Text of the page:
It is interesting to note what DOCOMO is upto when it comes to post MNP advertising. It decided to play with the consumer psyche at a much more sublime level. Unlike Idea it abstained from attacking any tangible aspect of its competitor’s offerings. Its attack very blatantly was on the complications that have historically been laced with telecom offerings. When it comes to humor DOCOMO undoubtedly beats Idea. Moreover their use of “stand-up-comedy” also is coherent with their butter-knife attack philosophy. DOCOMO was perhaps the first ones to use comparative advertising in the Indian Telecom industry when they attacked all existing tariff plans by introducing per-second billing. Even then their communication theme was to attack existing complications. DOCOMO thus has gone for the post MNP war without changing much it’s positioning. Its not that Idea didn’t try to do the same! During the Cricket world cup they did come out with a series of advertisements that were themed on “Keep Cricket Clean”. It was an attempt to punch their traditional “Socially concerned” positioning with their newly acquired attack philosophy. I personally don’t think it worked much. I over-heard quite a few say: What the F***, where`s the telecom? On a lighter note, DOCOMO somehow proves here that practice makes a man perfect !
(Of the records, I have some sort of a gut feeling that DOCOMO is somehow playing the role of a suicide bomber in the Industry. It`s per-second-billing earlier had made the industry profitability hit rock bottom. Till date its persistent attack on complications is somehow causing irreparable damage to the industry as a whole. Can’t be denied that with profits lowering all that telecom company’s had for earning their bread was the complications … )
With Idea and DOCOMO fighting hard in the battlefield how could Virgin sit idle at home? It thus didn’t take much time to come out in the open with its Salt & Pepper advertisements. Virgin adopted the theme of “time to break-up” for its new line of advertisements. I must say that its haatke concept of comparing one’s relationship with his mobile operator with that shared by two troubled lovers did strike a cord … but only on Youtube! The virgin ads do deserve critical acclaim for being micro masterpieces but it is still to be seen how much they would help the company’s market-share. Even paying the customer for receiving incoming calls couldn’t help them much earlier.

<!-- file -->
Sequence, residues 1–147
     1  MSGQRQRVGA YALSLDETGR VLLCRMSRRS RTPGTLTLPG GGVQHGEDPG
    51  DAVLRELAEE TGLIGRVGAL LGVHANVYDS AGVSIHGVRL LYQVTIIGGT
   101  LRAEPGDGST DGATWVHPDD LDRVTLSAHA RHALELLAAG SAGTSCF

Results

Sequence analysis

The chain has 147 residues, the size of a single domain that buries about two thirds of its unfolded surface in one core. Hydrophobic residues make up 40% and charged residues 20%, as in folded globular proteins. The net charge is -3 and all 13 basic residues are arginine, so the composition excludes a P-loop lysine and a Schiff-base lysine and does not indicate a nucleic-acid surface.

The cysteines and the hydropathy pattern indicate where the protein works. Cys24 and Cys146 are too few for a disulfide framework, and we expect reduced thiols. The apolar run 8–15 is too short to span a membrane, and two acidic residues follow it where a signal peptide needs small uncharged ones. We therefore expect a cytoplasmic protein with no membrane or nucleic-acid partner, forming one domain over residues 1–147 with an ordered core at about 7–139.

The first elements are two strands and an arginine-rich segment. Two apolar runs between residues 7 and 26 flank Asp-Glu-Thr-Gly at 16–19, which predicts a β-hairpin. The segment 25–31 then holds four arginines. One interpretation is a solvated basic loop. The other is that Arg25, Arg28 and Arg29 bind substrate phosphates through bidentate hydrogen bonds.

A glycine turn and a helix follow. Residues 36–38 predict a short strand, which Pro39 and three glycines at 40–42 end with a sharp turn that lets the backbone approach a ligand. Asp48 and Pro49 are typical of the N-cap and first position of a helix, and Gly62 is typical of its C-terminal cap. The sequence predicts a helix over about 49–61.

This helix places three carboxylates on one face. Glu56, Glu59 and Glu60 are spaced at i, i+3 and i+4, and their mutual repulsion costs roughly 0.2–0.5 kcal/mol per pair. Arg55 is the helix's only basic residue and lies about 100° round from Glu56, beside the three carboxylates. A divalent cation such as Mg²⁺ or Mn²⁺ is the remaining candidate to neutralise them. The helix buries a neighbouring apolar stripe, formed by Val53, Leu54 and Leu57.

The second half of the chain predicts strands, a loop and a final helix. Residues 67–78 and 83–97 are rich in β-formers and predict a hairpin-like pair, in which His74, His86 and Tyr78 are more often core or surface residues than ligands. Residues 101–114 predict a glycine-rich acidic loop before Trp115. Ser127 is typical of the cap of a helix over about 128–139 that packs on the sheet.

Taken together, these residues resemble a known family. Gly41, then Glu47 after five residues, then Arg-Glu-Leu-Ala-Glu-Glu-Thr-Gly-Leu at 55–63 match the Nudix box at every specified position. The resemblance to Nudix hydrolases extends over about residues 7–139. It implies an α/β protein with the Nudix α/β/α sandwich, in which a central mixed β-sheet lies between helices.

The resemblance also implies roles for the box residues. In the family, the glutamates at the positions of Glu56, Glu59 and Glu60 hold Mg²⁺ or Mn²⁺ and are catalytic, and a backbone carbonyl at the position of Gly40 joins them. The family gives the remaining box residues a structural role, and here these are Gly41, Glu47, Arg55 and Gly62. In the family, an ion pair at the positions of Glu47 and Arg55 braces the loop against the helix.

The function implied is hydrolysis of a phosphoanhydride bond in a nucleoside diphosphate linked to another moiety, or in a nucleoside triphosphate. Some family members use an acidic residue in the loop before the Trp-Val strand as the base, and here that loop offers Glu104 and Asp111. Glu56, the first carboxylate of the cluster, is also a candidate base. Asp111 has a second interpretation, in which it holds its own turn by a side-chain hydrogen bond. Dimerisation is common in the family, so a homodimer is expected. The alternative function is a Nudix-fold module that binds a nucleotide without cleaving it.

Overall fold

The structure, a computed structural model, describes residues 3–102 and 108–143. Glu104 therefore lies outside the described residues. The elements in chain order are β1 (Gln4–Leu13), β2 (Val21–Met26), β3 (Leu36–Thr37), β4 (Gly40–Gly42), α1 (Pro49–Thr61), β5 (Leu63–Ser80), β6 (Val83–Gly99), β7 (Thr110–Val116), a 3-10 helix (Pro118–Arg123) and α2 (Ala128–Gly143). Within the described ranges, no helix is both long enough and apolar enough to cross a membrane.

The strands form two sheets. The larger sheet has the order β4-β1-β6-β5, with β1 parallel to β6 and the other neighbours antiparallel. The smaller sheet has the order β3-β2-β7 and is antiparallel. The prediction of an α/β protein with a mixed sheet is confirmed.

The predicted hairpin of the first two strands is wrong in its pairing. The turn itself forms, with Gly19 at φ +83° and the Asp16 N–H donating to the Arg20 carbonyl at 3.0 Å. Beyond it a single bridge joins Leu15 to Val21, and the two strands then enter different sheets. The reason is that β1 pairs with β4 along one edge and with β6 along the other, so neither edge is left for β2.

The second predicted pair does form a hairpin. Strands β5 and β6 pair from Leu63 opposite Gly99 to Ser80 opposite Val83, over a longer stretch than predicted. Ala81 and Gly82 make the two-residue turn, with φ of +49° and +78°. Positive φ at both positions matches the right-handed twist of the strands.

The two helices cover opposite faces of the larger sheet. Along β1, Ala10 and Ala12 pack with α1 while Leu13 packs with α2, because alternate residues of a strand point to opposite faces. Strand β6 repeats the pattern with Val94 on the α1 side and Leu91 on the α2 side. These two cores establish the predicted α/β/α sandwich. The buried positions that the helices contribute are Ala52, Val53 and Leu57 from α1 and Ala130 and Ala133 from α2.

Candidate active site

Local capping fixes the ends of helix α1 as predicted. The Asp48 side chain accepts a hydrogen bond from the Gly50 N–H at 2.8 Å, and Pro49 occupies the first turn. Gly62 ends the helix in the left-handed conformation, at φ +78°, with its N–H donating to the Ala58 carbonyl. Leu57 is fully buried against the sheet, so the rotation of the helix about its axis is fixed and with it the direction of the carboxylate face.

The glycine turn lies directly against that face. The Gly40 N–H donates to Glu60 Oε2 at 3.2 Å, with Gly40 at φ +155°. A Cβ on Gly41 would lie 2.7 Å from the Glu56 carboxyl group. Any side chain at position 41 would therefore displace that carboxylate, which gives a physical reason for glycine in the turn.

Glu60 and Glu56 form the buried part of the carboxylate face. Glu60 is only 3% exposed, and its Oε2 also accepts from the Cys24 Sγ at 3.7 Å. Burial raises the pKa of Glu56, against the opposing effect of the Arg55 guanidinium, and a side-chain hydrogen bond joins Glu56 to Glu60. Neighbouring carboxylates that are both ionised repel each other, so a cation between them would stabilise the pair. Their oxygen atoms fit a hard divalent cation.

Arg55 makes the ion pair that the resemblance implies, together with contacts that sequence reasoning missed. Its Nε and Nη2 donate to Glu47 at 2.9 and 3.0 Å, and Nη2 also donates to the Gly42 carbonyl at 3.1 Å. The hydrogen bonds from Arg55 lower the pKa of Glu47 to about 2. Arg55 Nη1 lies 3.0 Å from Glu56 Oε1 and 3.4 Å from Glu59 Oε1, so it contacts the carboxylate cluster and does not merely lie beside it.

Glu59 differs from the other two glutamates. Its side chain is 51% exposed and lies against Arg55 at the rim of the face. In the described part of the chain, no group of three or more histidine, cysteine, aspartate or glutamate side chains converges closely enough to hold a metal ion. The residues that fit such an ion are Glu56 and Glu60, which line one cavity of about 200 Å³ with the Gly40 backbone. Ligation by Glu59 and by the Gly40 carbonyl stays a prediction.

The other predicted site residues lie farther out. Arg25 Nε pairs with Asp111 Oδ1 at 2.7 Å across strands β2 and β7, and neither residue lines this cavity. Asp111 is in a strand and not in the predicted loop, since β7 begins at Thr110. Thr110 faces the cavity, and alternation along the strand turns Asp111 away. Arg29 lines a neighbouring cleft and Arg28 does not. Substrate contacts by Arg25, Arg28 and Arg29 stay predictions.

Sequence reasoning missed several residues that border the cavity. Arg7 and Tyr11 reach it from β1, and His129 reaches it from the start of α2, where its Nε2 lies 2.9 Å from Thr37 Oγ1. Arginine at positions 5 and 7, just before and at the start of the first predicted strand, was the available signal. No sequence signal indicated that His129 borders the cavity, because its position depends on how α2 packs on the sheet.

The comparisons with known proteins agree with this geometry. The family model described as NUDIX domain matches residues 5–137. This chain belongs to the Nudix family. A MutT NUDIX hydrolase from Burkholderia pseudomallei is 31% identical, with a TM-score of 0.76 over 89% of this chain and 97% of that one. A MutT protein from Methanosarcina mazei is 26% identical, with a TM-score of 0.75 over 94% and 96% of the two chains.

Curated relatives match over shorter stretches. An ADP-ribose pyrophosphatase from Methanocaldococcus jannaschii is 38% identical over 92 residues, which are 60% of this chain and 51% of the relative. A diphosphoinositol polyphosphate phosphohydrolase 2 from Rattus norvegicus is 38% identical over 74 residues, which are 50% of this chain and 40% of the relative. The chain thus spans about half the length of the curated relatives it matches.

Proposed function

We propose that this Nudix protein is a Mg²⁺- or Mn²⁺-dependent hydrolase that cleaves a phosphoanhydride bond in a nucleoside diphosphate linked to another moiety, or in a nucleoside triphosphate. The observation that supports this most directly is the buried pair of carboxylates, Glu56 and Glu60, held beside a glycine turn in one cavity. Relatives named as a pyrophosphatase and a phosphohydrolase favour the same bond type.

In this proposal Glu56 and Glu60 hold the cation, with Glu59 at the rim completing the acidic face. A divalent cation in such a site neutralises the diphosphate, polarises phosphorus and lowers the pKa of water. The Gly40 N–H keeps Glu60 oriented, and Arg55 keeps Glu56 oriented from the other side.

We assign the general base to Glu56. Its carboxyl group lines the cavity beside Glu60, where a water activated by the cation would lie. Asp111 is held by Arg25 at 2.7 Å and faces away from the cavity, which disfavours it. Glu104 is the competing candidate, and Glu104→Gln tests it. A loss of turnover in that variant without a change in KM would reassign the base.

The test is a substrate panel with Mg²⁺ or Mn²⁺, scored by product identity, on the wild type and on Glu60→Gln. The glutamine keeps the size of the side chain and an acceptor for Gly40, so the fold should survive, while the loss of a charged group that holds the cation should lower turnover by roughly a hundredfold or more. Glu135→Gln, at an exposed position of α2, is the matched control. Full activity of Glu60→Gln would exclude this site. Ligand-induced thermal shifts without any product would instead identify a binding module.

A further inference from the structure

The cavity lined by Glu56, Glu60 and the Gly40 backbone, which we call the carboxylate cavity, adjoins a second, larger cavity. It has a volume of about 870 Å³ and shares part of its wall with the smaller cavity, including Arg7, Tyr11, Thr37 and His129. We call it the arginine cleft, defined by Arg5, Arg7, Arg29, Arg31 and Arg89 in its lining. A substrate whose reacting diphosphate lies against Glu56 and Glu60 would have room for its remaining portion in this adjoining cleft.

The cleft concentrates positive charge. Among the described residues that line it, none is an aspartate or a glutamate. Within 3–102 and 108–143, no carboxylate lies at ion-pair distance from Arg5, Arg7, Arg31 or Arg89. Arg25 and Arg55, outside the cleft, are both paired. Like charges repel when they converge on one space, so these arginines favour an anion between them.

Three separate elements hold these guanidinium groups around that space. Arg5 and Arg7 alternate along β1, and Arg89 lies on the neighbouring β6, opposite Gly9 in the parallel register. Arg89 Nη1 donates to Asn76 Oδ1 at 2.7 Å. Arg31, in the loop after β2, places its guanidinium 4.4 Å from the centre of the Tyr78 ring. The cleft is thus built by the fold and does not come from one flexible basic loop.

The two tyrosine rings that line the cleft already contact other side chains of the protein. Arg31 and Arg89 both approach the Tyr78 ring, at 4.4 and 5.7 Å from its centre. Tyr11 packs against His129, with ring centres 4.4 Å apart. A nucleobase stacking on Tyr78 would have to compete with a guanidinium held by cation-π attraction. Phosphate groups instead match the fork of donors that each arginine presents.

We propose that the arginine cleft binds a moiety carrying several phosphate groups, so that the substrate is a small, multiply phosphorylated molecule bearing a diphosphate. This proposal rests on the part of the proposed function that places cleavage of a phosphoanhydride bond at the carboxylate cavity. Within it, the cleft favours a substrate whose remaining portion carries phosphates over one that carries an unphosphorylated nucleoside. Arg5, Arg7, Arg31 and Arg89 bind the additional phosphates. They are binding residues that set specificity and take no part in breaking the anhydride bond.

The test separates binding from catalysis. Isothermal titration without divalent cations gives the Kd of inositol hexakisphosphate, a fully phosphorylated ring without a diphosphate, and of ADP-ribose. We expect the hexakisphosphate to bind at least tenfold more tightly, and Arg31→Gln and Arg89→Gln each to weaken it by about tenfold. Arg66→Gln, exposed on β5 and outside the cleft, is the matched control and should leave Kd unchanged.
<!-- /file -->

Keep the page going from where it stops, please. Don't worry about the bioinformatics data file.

Before I wind up this rather unexpectedly long post I would like to present the war strategy of the two big brothers of the Indian Mobile Telecom Industry : Vodafone & Airtel. These two were undoubtedly different from the pack when it came to post MNP war. Precisely they preferred protecting their own empires rather than pelting their neighbors. While others tried to woo customers with comic timing and small-talk, the big 2 preferred relying on the brand equity that they already possessed. No wonder their post MNP ads spoke of class more than anything else. Vodafone`s caption : “everybody is welcome without changing their number” is undoubtedly the simplest yet most effective take on MNP. Airtel too abstained from excessive competitor bashing and kept things simple by portraying what they were more than anything else. The question is why so?
The answer is written in the pages of www.coai.com (a site that gives in details subscriber figures of all the Indian telecom companies). Even in a highly competitive and fragmented market the big two enjoy a market share of 60% between themselves. On the other hand others are struggling hard to retain each percent of their market shares. For the big 2 MNP comes with not much new opportunity if they don’t aspire for unrealistic market share. For the others it is a severe opportunity. It gives them a chance to have a peck at the highly profitable first generation mobile phone users who have minted money for the big2 for ages. A senior manager in an upcoming Telecom had once told me off the records (few months before the introduction of MNP) that his company never really saw MNP as a threat. On a lighter note he said: “You can only be insecure when you have something to lose. For us it’s a chance made in heaven.”
Whatever be it, all companies must agree that amidst all this war and bloodshed, the Indian customer will have the last laugh. They will decide the final victor in this business war. So more than anything else it’s important to keep them happily in the loop. So keep things simple. In the language that you understand one last advice: “Keep it Simple Sirjee!”